Here is helpful information from Jay Sennewald, Ocean Shores Coordinator with Oregon Parks & Recreation, answers to questions from the Pioneer’s South County correspondent, April Bailey.
Will there be extra personnel stationed near the ropes to keep people from hiking to the end of Cape Kiwanda?
[SENNEWALD Jay] Safety at that site is one of our top priorities, in light of recent tragedies there and our stepped-up efforts to protect people from their own bad decisions. We are planning to have all of our rangers and managers on-duty during the actual eclipse event, but our resources will be spread thin if the predicted crowds materialize. We intend to have two rangers at the cape, plus we have contracted with the Tillamook County Sheriff’s Department to have one of their deputies assist us with ocean shore rule enforcement and crowd management.
Are you concerned about people camping on the beach given the tide fluctuation predicting for the day of the eclipse?
[SENNEWALD Jay] We are very concerned about people camping on the beach before the event. A new moon coincides with the eclipse, and the high tide tides during the middle of the night prior to the event will be in the 9-foot plus range. We are expecting this high tide to reach the upper-most portion of beaches state-wide which will make camping risky or even possibly dangerous. We have had some help from local television news agencies and radio stations recommending that people not camp on the beach around the time of the event.
Any general advice for locals about avoiding issues (i.e., traffic gridlock, increased trespassers, general safety, etc.)?
[SENNEWALD Jay] The important thing to remember is that we are expecting extremely large crowds and with them comes the potential for problems. The biggest concerns of the Oregon Parks and Recreation Department are for public safety, and protection of our parks and the ocean shore from damage. A total ban of fires along the coast, effective this week, will help to minimize the potential for larger fire-related problems, so we hope that visitors and locals will respect the fire ban. Also, now is a good time to remind everybody that fireworks are strictly prohibited within all State Parks and on the Ocean Shore State Recreation Area.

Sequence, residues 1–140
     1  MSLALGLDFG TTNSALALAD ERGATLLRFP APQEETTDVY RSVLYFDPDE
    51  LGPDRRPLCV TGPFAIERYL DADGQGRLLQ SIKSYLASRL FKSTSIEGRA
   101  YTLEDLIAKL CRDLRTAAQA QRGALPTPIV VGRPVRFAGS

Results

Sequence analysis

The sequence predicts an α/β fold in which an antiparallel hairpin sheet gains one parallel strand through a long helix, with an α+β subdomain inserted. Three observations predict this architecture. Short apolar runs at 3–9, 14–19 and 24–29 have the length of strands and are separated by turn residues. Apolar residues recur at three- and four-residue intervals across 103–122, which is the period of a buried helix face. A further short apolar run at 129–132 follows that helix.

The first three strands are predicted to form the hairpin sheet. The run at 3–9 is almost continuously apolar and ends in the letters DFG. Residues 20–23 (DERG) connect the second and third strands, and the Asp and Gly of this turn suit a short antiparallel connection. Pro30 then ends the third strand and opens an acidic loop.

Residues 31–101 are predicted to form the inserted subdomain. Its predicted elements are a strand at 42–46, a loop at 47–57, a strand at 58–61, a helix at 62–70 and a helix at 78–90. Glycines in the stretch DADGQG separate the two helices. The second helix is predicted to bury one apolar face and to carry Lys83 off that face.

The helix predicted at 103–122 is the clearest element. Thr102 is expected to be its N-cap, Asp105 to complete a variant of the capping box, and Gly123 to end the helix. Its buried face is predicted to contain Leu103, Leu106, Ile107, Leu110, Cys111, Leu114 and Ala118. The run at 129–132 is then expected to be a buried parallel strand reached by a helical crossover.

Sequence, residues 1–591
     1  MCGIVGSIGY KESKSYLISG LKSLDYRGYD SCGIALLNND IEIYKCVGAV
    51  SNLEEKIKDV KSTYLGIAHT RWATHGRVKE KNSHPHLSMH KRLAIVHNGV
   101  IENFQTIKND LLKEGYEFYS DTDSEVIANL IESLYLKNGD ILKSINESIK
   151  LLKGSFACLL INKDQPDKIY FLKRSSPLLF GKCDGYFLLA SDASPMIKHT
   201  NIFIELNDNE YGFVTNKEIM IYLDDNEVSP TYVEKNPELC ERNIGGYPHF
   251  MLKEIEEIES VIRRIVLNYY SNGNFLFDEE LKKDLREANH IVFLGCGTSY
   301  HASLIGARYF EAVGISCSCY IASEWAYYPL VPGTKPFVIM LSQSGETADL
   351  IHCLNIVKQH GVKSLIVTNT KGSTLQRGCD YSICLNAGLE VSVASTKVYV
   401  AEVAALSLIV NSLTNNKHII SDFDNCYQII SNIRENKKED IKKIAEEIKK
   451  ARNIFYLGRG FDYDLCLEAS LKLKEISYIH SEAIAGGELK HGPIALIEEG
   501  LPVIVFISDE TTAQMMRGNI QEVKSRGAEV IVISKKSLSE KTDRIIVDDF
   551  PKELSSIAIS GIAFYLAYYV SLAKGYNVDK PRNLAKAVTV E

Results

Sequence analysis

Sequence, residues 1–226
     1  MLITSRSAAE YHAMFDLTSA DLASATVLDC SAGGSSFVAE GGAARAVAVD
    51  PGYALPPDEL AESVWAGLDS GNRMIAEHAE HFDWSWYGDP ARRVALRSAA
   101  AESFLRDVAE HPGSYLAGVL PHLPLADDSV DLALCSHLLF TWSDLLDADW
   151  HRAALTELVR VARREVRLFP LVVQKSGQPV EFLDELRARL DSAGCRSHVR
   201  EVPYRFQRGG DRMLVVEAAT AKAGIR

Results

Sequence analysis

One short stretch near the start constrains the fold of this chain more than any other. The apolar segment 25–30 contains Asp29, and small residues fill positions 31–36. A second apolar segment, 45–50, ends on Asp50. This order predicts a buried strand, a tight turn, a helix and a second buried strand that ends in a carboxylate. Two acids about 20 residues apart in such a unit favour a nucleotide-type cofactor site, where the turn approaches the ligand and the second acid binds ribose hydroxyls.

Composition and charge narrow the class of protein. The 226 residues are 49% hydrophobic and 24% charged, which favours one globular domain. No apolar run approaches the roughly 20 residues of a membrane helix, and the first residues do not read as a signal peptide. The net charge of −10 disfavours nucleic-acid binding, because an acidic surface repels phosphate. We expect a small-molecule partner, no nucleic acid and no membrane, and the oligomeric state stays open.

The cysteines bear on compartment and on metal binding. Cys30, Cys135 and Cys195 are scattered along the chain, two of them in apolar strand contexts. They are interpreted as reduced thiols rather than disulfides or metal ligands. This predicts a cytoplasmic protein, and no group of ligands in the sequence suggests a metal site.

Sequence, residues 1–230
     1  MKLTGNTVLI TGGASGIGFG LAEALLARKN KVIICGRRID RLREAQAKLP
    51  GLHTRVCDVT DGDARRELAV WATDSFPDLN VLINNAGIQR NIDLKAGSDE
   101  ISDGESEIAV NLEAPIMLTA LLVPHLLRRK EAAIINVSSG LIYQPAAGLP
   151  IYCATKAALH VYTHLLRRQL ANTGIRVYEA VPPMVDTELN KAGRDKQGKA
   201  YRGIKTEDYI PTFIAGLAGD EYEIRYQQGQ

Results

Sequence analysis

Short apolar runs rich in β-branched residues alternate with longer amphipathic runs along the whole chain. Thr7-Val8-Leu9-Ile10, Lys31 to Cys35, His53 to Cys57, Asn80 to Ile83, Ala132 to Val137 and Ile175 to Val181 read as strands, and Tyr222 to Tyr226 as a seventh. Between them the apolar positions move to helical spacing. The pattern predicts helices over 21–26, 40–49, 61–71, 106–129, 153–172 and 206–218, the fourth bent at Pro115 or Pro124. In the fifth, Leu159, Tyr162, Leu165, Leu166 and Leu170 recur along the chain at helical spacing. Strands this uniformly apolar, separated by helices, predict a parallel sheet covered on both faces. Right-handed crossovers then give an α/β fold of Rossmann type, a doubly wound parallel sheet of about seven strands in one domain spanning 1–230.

Private property owners and local residents should be aware that emergency service providers will also be stretched thin and will face response time challenges if traffic predictions become a reality, and therefore they will need to be vigilant in safeguarding their homes and property. OPRD staff and rangers have no law enforcement authority on private property.
Parking on the beach at Pacific City has limitations, and we often reach capacity on crowded weekends during the summer months. The eclipse will undoubtedly create a huge demand for on-beach parking, and at the same time we need to keep the dory ramp open for boat launching and for emergency vehicle access, so we expect the majority of visitors to Pacific City to find parking in “town” and then walk down to the beach once capacity is reached.
Our staff has been preparing for this event for a long time, and we feel that we are ready to manage our parks during this unprecedented event. Of course, much of how things unfold will depend largely on the public’s behavior. We are asking visitors to be patient with others, leave extra time to arrive at their destination, pack their trash, and most of all to be safe, have fun, and respect our State Park and Ocean Shore rules so that everybody can enjoy this special event.
Jay Sennewald| Ocean Shores Coordinator
Oregon Parks and Recreation Department
12735 NW Pacific Coast Highway
Seal Rock, Oregon 97376
Ocean Shore SRA